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A fountain, ferns, string lights—those are the typical hallmarks of a courtyard. But at Kyal and Kara Demmirch’s home in Bateau Bay, Australia, a mini-size version of their house sits at the heart of the bonus outdoor space, which is completely separate from their main backyard and accessible from the adjacent playroom’s bifold doors. The two-level structure (now dubbed the “cubby house”) is a hideaway (or more likely a pretend pirate ship or grocery store) for 3-year-old Vada and 5-year-old Ziya.

Before the tiny house could be built, the seasoned renovators had to clear the area of debris. The formerly weed-filled spot had been used as a dumping ground for excess materials during their actual home remodel. Once the framing was up, they clad the siding in Australian blackbutt timber battens (all left over from the main-house build) and weatherproof cement boards (now painted white), while the interior got a dose of sage green paneling. Here are a few more ways they turned the once unused space into home sweet courtyard. 

Create Clear Boundaries

Courtesy of Kyal and Kara Demmirch

A retaining wall made from sandstone sourced from a local quarry prevents the gravel walkway from spilling over into the Astroturf. (It also offered a chance for Kara to have a vegetable garden—a must-have on her list.) The pathway pavers were a smart salvage from the primary home’s construction.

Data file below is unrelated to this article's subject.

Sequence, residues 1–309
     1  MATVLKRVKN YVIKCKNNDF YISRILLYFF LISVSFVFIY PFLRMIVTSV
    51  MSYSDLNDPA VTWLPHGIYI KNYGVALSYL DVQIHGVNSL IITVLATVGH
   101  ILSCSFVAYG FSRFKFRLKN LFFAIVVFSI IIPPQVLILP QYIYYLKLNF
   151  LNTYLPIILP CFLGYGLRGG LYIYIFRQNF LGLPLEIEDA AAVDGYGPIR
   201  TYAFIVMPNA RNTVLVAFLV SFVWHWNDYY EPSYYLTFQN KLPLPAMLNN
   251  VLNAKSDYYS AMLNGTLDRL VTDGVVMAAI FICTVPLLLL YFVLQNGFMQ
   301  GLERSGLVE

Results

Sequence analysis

Let It Slide

Having built a playhouse in the past for their Toowoon Bay Beach House project, the couple knew that finding a slide that isn’t plastic is a tough feat, so Kyal made theirs from scratch by wrapping marine-grade plywood in metal. The whole thing got a coat of the same sophisticated green used on the interior. 

Call Your Adult Friends Over to Play

Courtesy of Kyal and Kara Demmirch

Kyal’s request: a pizza oven from Polito Wood Fire Ovens (the couple chose the Donatello Medium with a rough cast finish for a more traditional look). “In the kids’ eyes, it’s the ultimate cubby house…for the adults, it’s like a beer garden,” writes Kara. Who said parents don’t like to play?